This movement to end mass incarceration rests on two related, tightly interwoven conspiracy theories that are popular on the Left: the “Prison-Industrial Complex” to which Davis refers, and the "New Jim Crow."
The Prison-Industrial Complex is a rehash of the same old hoary Marxist cliches about capitalism served up with different garnishes. It's the kind of conspiracy theory that could have been invented by Michael Moore.
Boiled down, it holds that imprisonment is used in the U.S. not primarily as punishment for wrongdoers but to generate profits for companies that make money off correctional services. Businesses provide security, food, clothing, bedding, and other things to jails and prisons and their greed is insatiable. They lobby and buy off politicians in order to expand correctional facilities and keep their businesses profitable. Rapacious American capitalism makes everyone the victim, from the oppressed prisoners to the stressed-out guards who watch over them.
The idea of the New Jim Crow is that the old Jim Crow, that is, the set of post-Civil War Democrat-imposed policies that segregated blacks from whites and treated blacks as second-class citizens, is back in a new form. Blacks, especially incarcerated blacks, are not free to live their lives as they wish because this invisible new system has made them members of a low caste in American society. The fact that blacks are disproportionately represented in the correctional system has nothing to do with the fact that blacks commit more crimes proportionately than other racial or ethnic groups; instead, left-wingers say, it is proof that the justice system is racist.
The Campaign To End Jim Crow goes further, insinuating on its website that all incarceration is bad:
We challenge the culture of racism, repression and retribution that sustains mass incarceration. We seek to remove the structural injustices inflicted on the incarcerated, formerly incarcerated, their families and the communities from which they come. We seek human rights for all members of our society non-violently, in opposition to our current system of justice, which is inherently violent.
Marxists believe that any system of justice in a capitalist society is by definition violent and oppressive. They argue that criminal law enforcement and imprisonment are forms of social oppression and tools of class warfare. The late William Kunstler, the radical attorney for the anti-Vietnam war “Chicago Seven,” argued that every criminal by definition is a victim of injustice. He once said, “Any criminal trial in this country is an oppression.”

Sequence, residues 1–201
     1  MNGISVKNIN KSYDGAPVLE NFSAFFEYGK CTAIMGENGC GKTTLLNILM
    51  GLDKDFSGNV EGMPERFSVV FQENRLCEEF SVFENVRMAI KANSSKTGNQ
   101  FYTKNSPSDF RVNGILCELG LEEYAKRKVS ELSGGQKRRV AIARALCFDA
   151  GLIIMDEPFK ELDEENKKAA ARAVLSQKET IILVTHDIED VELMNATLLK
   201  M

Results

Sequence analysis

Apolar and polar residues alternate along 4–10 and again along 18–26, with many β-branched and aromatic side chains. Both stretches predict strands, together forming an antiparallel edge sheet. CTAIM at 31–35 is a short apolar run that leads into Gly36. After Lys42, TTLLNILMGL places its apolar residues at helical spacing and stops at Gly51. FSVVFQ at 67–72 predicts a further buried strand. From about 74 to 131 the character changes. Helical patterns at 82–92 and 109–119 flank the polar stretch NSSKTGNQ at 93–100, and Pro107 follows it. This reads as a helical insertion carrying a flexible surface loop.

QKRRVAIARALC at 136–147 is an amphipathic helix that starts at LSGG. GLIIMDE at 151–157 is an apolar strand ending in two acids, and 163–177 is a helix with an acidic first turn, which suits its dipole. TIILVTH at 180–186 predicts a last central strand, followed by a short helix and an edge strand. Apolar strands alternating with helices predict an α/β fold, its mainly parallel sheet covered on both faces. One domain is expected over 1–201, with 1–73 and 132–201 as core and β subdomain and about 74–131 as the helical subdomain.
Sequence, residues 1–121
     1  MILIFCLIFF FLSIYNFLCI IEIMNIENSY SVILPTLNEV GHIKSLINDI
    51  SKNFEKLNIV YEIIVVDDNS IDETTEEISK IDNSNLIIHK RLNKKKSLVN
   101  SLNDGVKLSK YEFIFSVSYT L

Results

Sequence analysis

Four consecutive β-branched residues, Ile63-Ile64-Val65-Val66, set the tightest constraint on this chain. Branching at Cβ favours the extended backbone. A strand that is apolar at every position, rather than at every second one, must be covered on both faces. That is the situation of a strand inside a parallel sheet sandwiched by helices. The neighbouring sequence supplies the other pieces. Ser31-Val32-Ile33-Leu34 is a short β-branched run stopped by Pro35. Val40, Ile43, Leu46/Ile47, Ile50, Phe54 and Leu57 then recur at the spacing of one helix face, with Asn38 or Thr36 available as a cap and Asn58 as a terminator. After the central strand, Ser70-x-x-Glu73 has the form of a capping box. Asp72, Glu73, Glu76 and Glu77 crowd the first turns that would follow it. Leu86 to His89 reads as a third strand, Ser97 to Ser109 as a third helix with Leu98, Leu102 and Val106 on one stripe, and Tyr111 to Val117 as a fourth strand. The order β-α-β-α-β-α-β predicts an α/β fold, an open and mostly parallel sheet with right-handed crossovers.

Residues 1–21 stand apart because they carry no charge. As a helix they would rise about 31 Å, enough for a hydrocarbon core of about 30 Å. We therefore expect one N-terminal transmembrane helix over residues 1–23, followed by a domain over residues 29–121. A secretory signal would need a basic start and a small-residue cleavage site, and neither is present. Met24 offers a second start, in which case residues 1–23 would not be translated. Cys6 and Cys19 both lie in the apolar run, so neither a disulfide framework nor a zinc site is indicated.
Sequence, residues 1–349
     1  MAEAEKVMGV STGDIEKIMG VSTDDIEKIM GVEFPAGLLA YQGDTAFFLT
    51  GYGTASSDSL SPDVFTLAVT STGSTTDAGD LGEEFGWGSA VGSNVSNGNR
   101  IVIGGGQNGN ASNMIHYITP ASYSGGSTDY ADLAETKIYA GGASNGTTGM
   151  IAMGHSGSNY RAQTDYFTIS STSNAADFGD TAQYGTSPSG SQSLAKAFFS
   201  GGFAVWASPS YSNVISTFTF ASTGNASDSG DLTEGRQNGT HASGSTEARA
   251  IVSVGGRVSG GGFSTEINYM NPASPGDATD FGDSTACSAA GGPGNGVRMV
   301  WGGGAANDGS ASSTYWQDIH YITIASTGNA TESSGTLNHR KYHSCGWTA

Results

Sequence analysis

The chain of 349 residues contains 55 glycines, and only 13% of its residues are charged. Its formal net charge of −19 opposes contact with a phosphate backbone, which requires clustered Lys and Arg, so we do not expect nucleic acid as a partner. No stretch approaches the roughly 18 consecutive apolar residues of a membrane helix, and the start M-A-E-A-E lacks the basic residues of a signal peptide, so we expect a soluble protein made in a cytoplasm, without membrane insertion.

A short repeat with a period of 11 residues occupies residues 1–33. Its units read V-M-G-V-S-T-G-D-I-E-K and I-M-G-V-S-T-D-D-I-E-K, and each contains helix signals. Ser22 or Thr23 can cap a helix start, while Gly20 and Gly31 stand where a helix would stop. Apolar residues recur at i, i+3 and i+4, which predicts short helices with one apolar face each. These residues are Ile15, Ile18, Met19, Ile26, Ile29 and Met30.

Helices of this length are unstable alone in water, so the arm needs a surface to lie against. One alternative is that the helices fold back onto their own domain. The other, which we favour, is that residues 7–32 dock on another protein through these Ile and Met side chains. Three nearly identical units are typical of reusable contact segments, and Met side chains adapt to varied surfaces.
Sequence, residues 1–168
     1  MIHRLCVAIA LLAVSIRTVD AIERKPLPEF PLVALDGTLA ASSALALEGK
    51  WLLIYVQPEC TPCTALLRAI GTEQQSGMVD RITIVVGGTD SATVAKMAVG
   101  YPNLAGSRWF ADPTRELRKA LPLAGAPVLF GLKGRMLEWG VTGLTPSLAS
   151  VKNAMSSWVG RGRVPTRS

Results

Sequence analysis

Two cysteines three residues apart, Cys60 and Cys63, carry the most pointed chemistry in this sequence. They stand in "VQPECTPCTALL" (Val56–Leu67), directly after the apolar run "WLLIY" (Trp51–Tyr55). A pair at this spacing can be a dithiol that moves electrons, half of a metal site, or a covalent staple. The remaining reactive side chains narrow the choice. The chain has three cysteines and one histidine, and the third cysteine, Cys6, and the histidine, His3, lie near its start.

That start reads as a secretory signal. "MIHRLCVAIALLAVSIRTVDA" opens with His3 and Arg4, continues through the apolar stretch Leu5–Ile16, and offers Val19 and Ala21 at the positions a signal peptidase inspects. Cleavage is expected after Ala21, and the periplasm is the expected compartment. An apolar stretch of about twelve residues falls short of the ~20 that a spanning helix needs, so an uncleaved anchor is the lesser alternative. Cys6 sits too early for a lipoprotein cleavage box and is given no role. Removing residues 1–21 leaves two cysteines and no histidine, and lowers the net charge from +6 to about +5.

Mirkarimi buys into this paranoid small-c communist nonsense. He embraces both conspiracy theories, holding that America's prison system is inherently racist and a corrupt scheme to make the corporations that supply prisons filthy rich.
"While the old Jim Crow laws may have been repealed, they have been repackaged and redesigned into the criminal justice system," he has said. Mirkarimi wants to provide prisoners with more and more services. "The job of sheriff is not to lock up people and throw away the key."
Not surprisingly, this Democrat and convicted wife beater, is inordinately sympathetic to his fellow criminals. The sheriff's office in San Francisco doesn't have a lot of responsibilities. The agency operates the jails and provides security for the courts, City Hall, the 9-1-1/communications center, and various local hospitals and health clinics.
Mirkarimi boasts about how little he does as sheriff. He thinks of himself as more social worker than jailer. He brags about shutting down jails, as well as coddling and freeing criminals, and lavishing social program spending on his felonious flock.
To modify an Obama campaign mantra, Mirkarimi is the change he's been waiting for. Barely a law enforcement official at all, he is using San Francisco's jails to lead his own progressive crusade.
In his official online bio, he spells out his beliefs and accomplishments in a city where the Sixties never ended. Conspicuously absent are any of the assurances one might expect from a law enforcement officer about law and order or protecting society from criminals. Instead, the reader is treated to social-justice bromides and leftist pap.